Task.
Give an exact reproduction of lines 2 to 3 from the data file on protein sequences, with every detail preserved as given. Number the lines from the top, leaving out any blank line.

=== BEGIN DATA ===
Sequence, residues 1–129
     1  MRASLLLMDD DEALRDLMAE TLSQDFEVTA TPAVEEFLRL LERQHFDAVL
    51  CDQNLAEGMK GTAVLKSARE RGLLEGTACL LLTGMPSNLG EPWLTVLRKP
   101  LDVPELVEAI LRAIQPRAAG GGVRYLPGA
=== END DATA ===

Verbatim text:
     1  MRASLLLMDD DEALRDLMAE TLSQDFEVTA TPAVEEFLRL LERQHFDAVL
    51  CDQNLAEGMK GTAVLKSARE RGLLEGTACL LLTGMPSNLG EPWLTVLRKP